Old Wardour Castle, located near Tisbury in the English county of Wiltshire, sits on a slight rise above a lake and was once the home of Baron John Lovell, the fifth Baron Lovell. John Lovell acquired the land from the St. Martin family when Sir Lawrence de St. Martin died in 1385, and John built the home, with the permission of King Richard II, more as a luxurious residence than a fortified castle. Constructed of locally quarried greensand, with master mason William Wynford overseeing the project, the castle was fashioned after the hexagonal style then popular on the Continent, particularly in France, making its architecture unique to Britain.
In the 16th century, the residence passed from the Lovell family to the Arundell family, purchased by Sir Thomas Arundell of Lanherne in 1544. Under the ownership of a strong Roman Catholic family, Wardour Castle witnessed many battles during the English Civil War. In 1643, the Parliamentarian Army forced Lady Blanche Arundell to surrender the castle. In turn, Lady Blanche’s son, Henry 3rd with his Royalist Army beseiged the castle, destroyed a good portion of it, and in March 1644, the Parliamentarian garrison surrended, returning the castle to the Arundell family.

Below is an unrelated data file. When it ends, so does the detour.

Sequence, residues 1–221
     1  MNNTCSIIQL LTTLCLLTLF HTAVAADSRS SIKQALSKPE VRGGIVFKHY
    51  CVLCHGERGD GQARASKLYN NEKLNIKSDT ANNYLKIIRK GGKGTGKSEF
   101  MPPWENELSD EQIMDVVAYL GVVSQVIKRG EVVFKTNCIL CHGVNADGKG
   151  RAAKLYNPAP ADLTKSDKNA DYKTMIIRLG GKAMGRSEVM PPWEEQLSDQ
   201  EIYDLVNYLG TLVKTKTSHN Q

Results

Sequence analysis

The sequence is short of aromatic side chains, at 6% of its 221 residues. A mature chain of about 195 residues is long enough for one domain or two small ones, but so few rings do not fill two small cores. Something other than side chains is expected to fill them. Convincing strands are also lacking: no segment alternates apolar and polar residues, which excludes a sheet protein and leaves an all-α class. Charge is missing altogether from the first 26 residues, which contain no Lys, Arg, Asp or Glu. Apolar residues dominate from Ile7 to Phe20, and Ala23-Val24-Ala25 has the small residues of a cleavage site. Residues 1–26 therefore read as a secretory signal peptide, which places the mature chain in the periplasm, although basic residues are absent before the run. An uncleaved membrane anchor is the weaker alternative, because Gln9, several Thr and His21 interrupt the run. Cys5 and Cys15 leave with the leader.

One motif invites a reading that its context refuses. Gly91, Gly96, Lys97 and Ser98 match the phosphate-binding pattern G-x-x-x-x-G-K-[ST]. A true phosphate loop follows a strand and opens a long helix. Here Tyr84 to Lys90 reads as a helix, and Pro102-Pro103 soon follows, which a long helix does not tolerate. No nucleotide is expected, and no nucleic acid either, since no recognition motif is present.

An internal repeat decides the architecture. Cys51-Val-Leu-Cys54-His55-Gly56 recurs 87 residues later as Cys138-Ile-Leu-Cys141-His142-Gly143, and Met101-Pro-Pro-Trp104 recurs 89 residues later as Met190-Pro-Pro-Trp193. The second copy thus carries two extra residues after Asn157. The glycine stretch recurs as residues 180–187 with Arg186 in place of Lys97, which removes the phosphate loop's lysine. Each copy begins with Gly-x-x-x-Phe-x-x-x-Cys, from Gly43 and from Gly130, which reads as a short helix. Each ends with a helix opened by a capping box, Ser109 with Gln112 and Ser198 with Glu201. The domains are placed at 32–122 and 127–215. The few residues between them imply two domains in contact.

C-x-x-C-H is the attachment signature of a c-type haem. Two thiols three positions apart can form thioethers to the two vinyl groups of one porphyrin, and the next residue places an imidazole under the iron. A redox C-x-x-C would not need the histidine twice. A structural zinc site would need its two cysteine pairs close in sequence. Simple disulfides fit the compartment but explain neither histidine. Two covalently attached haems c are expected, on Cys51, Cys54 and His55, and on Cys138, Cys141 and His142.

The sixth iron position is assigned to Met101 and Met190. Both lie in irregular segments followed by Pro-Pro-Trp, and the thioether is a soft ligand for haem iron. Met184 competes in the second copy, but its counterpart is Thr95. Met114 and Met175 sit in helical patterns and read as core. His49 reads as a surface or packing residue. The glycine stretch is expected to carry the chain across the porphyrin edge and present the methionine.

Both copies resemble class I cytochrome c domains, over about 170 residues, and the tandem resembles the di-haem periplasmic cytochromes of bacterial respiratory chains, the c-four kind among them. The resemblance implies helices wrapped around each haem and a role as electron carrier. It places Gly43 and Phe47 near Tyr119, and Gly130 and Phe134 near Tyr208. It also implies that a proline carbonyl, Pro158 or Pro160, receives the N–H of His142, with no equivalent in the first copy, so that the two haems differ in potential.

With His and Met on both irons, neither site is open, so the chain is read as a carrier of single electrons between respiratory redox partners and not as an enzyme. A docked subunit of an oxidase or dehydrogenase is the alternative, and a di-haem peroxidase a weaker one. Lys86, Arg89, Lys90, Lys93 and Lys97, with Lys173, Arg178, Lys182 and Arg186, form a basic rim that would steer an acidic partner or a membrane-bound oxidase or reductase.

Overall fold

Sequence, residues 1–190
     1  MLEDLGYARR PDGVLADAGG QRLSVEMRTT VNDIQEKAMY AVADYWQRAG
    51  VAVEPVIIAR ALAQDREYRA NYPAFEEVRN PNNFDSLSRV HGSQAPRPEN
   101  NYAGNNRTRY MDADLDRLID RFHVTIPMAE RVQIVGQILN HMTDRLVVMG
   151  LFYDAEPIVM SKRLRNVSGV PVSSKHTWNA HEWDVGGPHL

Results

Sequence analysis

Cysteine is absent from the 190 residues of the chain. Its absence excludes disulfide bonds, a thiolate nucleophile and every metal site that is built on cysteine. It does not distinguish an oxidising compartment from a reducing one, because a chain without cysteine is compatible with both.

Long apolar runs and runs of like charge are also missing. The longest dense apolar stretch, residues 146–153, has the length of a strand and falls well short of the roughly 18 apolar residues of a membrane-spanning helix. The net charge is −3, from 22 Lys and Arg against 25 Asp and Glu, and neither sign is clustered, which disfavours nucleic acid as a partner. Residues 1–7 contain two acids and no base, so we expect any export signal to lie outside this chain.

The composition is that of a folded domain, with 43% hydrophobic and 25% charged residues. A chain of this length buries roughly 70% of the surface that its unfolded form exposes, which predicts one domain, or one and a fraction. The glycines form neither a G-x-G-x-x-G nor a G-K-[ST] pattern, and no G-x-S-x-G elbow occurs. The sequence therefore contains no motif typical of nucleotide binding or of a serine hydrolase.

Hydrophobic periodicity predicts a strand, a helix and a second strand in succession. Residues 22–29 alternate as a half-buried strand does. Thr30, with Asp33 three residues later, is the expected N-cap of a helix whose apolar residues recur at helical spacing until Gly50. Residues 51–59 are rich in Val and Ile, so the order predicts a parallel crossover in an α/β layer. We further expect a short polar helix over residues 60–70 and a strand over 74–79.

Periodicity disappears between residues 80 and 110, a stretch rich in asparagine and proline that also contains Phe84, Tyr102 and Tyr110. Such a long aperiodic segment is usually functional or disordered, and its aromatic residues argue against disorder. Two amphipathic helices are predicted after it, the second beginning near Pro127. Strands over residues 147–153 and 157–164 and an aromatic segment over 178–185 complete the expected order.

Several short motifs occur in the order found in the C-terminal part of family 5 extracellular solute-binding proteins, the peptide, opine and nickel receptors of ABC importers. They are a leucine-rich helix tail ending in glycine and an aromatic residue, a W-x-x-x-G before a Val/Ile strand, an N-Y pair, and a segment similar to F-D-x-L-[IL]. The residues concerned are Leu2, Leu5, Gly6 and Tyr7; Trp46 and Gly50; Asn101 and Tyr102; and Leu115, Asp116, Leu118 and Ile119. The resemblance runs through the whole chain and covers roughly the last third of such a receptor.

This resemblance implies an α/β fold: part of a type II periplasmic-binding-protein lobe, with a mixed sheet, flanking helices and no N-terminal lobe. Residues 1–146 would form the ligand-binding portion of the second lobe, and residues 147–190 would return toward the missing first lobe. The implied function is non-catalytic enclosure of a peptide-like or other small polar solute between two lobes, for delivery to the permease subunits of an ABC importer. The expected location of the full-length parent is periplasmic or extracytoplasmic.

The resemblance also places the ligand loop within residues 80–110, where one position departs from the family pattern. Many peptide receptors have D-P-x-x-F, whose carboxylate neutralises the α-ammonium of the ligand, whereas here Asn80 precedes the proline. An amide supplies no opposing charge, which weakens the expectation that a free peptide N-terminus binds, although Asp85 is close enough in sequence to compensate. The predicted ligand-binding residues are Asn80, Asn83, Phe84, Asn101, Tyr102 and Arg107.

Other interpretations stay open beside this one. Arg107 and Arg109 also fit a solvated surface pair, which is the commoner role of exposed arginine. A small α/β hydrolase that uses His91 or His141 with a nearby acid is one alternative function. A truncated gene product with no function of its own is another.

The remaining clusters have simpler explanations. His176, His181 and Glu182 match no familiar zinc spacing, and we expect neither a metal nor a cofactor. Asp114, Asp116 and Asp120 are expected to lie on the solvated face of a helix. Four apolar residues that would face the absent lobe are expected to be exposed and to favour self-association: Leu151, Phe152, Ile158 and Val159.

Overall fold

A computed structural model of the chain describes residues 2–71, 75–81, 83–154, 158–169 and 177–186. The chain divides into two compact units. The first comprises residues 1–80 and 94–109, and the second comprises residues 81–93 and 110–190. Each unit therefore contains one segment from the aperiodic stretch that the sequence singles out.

Today, English Heritage manages the castle, a ruinous shell of its once former glory. Still, much of the castle remains intact and is open to the public. Old Wardour Castle was one of the filming locations used for the 1991 Kevin Costner film Robin Hood Prince of Thieves.
*image retrieved from http://www.english-heritage.org.uk/server/show/nav.16439/chosenImageId/3